Creating a Calm Down Corner or Safe Place in your classroom is part of the process when teaching children how to cope with their emotions. Children experience the same emotions that adults do but they do not have the words to express how they feel. They often act out in inappropriate ways through physical and emotional outbursts because they lack knowledge and coping skills.
What is it?
A calm down corner is a safe place meant to help children recognize how they feel, say how they feel and then choose a positive choice. It allows for an opportunity for children to self regulate and calm themselves when they would otherwise have a melt down or outburst. This is a skill (like everything else) that they need to learn. So many children live in a fight or flight response that they aren't able to activate the part of the brain that helps them to be calm.
Where is it?
Because I was always limited on classroom space, I chose my classroom library as my Safe Place because it was a very calm and relaxing environment. In order for children to use this space effectively, they have to be first taught. Just as adults, when we know better, we do better. We can't expect children to know what to do if we don't take time to explain and model any procedure.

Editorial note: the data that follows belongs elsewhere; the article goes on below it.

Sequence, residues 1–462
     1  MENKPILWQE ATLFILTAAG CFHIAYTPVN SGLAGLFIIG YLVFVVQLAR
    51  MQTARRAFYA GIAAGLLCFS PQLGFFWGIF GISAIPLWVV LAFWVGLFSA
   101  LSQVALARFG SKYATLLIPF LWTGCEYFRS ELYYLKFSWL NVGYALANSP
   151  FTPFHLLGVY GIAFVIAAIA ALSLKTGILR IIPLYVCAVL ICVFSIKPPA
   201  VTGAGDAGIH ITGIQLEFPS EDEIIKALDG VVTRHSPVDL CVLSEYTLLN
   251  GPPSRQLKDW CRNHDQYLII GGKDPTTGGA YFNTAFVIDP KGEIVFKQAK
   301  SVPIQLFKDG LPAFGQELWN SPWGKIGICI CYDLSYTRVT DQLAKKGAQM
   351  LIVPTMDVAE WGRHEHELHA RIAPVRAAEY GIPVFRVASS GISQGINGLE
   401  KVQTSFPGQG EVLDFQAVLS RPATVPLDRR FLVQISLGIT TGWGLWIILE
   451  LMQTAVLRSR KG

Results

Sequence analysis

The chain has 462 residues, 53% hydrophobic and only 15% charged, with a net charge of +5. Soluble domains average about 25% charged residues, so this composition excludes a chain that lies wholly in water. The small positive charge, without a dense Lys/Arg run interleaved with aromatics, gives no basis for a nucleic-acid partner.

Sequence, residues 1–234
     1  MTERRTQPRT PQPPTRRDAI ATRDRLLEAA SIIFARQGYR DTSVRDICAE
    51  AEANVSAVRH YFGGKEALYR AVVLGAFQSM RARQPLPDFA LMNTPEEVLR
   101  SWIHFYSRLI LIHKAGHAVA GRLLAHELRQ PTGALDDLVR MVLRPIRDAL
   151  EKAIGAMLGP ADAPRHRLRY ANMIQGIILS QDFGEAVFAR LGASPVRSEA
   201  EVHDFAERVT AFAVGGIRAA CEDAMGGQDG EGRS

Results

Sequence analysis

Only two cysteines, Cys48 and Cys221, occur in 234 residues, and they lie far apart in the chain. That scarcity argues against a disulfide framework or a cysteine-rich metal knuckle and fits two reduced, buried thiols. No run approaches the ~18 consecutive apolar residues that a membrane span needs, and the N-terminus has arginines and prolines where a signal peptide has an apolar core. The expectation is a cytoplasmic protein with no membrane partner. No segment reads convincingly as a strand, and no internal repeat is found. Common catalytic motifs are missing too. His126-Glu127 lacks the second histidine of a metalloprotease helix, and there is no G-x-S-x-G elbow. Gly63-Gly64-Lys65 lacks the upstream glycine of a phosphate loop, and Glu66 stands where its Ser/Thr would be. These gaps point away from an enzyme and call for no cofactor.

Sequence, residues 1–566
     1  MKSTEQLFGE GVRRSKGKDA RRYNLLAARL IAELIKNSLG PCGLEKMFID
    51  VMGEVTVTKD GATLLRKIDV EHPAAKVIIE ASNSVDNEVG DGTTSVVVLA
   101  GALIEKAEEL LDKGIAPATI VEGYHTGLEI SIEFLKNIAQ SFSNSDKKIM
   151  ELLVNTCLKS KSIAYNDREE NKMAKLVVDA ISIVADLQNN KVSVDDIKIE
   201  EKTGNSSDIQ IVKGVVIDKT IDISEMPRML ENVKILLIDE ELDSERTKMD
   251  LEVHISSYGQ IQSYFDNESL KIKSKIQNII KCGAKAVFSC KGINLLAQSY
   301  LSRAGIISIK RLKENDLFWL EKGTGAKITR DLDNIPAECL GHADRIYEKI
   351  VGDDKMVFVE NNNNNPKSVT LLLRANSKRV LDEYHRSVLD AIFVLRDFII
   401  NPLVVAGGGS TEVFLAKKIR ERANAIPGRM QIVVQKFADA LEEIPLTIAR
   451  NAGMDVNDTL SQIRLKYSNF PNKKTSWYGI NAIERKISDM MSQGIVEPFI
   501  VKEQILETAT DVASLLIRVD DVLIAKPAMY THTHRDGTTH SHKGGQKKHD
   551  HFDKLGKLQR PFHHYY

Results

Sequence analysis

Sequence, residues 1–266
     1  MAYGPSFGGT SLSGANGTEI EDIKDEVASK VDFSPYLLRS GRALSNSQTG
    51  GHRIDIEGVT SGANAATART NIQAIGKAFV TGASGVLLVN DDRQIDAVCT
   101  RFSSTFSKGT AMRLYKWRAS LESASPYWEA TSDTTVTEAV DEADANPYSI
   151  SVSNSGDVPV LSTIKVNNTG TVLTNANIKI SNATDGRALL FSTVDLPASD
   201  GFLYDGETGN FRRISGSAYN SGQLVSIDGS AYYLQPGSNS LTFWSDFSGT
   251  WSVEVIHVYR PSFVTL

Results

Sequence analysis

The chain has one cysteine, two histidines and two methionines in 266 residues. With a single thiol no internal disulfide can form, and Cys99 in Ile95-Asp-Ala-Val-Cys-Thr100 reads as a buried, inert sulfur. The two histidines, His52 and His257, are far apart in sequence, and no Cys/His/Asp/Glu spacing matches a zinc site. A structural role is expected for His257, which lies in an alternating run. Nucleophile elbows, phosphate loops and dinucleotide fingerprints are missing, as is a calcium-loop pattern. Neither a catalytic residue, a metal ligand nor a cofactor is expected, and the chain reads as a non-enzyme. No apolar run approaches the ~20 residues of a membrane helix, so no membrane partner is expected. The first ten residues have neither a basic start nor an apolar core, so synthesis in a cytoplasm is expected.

Your calm down corner should have limited distractions and be free from high traffic and stress. It is an opportunity for them to step away from whatever is causing them anxiety and center themselves. As an adult, you know what space does this for you. I know when I am stressed, I want to sit in a quiet room and just breath. Children cannot articulate what they need because often they do not know. This makes this learning opportunity even more important.
What it is not.
A calm down corner is not a place for time out or punishment. It's an opportunity to validate their feelings and allow them to step away, think about it and make a positive choice. Just imagine how different your classroom environment would be if all students learned coping skills and were able to self regulate their anger, embarrassment and fear. Often time out corners and punishments cause further feelings of anger or fear and do not create a coping skill for overcoming the raised emotion.
What should it include?